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The United States leads developed countries in the number of moms who die as a result of childbirth. As maternal mortality continues to decline in countries with similar high quality medical care, the US rate of maternal mortality has jumped. This discouraging news is not getting any better.

In the US, the media reports that between 700 to 900 women die, and about 50,000 are injured each year from what could be considered preventable or treatable complications of pregnancy. Different studies supported by USA Today, NPR, and ProPublica take a deep dive into the problem of maternal medical care in this country and come to the stark conclusion that American hospitals are failing to protect many moms when they give birth.

Reports Suggest Multiple Reasons For Increased Rate Of Maternal Injury

Each of these studies reports that the rate of maternal injury is significantly higher for African-American women, women who are low-income, and those who live in rural areas. Given that, the overall number of women dying of poor medical care continues to rise in this country among all socio-economic levels. These reports suggest that reasons for the rise include:

  • Gross lack of medical attention to maternal care after delivery: This can include failure to monitor the amount of blood lost during and after delivery, failure to monitor for hemorrhage, and failure to follow up on known complications from high blood pressure (preeclampsia) in pregnancy, like stroke, among others.
  • Women are waiting until later to have children: Older maternal age means a greater likelihood of complications at childbirth.
  • Unplanned pregnancy: Women who have unplanned pregnancy may not have had proper medical care to control chronic medical conditions that can impact their baby and their own survival after childbirth.
  • Poor longer term medical care: With heightened attention to care of babies, moms are sometimes treated summarily, failing to receive standardized and important health care and follow up after giving birth. As infant mortality has dropped, maternal mortality has risen.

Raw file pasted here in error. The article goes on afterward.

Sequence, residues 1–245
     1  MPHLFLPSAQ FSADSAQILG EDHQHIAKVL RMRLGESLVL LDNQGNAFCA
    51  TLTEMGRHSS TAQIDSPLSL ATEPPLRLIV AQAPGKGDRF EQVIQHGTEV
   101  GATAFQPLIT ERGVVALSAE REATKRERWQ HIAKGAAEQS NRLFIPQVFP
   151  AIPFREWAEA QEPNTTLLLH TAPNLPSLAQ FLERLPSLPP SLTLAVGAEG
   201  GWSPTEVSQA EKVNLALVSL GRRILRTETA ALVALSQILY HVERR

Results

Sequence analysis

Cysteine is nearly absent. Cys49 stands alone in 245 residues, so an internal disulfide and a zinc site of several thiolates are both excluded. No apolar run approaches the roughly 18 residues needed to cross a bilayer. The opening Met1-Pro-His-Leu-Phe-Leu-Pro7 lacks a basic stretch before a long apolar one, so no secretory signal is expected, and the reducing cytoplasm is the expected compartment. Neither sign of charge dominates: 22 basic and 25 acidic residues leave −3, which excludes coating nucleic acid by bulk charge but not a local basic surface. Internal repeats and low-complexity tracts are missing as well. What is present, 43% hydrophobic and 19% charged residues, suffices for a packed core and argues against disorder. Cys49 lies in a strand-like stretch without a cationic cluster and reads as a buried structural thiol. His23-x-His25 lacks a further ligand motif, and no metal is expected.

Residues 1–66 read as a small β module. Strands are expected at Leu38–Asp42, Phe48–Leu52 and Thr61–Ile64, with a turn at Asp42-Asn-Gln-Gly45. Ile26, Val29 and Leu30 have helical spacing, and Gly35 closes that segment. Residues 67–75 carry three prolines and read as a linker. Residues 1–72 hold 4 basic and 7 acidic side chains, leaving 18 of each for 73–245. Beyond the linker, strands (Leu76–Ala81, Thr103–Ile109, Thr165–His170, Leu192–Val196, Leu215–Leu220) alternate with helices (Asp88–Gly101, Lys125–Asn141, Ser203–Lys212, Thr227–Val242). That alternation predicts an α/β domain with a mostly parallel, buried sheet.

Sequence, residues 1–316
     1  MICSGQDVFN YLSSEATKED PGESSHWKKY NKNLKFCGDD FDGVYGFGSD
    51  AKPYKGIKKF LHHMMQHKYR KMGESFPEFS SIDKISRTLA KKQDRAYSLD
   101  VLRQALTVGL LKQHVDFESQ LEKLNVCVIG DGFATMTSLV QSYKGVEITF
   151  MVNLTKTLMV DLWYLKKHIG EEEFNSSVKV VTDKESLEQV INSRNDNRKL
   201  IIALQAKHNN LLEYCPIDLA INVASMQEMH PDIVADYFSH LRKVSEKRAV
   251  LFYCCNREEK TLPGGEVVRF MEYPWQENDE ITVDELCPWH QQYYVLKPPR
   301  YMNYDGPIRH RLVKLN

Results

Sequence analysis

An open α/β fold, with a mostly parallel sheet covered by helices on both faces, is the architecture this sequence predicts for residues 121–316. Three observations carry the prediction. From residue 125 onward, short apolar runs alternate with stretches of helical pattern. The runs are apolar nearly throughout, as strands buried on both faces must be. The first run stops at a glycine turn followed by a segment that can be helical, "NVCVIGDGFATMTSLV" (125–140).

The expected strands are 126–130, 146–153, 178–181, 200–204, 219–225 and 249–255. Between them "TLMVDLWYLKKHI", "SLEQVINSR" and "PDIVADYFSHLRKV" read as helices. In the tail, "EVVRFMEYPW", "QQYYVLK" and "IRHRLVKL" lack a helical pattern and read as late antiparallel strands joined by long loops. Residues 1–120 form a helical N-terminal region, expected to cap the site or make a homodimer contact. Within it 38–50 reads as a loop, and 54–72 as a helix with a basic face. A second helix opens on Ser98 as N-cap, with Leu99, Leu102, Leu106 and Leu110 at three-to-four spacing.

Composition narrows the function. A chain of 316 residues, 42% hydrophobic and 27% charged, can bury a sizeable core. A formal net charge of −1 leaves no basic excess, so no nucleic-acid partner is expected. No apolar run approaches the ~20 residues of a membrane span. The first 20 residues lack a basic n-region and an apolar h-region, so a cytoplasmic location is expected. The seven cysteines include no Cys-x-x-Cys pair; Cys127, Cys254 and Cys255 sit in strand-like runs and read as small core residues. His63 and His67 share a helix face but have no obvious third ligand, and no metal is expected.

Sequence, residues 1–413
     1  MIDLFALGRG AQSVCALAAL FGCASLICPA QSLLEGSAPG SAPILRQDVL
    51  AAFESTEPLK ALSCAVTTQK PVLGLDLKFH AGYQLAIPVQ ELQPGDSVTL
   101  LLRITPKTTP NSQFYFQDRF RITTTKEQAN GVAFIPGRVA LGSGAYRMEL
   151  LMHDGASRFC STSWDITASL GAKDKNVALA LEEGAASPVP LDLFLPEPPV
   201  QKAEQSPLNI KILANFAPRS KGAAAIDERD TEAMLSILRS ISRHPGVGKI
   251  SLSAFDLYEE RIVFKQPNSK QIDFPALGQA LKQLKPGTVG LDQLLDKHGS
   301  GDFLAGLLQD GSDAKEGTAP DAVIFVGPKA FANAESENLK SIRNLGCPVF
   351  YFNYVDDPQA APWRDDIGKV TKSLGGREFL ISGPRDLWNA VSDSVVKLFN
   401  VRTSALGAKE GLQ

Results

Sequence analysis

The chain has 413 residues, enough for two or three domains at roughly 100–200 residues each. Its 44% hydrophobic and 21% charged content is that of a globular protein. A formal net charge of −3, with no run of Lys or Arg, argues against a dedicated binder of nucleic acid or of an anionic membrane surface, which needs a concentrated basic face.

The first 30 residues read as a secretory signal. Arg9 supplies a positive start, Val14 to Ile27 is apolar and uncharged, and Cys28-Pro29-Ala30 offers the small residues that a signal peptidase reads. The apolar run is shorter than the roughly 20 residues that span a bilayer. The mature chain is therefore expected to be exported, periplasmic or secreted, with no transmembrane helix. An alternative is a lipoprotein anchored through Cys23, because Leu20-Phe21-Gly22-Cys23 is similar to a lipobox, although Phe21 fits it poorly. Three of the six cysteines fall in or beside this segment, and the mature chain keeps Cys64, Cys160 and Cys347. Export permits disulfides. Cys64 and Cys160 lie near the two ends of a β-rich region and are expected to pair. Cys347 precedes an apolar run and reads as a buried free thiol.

What Is Being Done?

These reports indicate protocols to identify and treat maternal health emergencies. Despite the growing death and injury, the profound problem of good medical care for moms has not been comprehensively addressed. Notes Dr. Neel Shah, vice president of a group called March for Moms, “The opioid epidemic is in the news cycle literally every day. We think this is an issue that touches enough American families that it ought to get the same attention.”

Some agencies, hospitals, and legislators are responding. In California, The Stanford-driven initiative California Maternal Quality Care Collaborative is a collaborative organization aimed at “ending preventable morbidity, mortality and racial disparities in California maternity care.” The group has identified two common complications that put new moms at high risk, even weeks after pregnancy. Those conditions are hemorrhage and preeclampsia.

Toolkits developed by the group have lowered maternal morbidity for hemorrhage in new moms by 21 percent for hospitals who signed up for the resource. Hospitals that do not use the resources and steps advised in the toolkit have seen their death rate for maternal hemorrhage drop by only one percent.

Childbirth is always dangerous, but it is more so when proper medical care is not offered or delivered. If you suffer a birth injury, speak with a skilled medical malpractice law firm.

Work With Experienced Malpractice Attorneys If You Suffer Medical Mistake

When the care you receive is medically negligent or below an expected standard of care, the Baltimore birth injury lawyers at Schochor, Staton, Goldberg, and Cardea, P.A. can help. Call us at 410-234-1000 or contact us online today to schedule a free, confidential consultation at our offices in Baltimore, Maryland, or in Washington, D.C.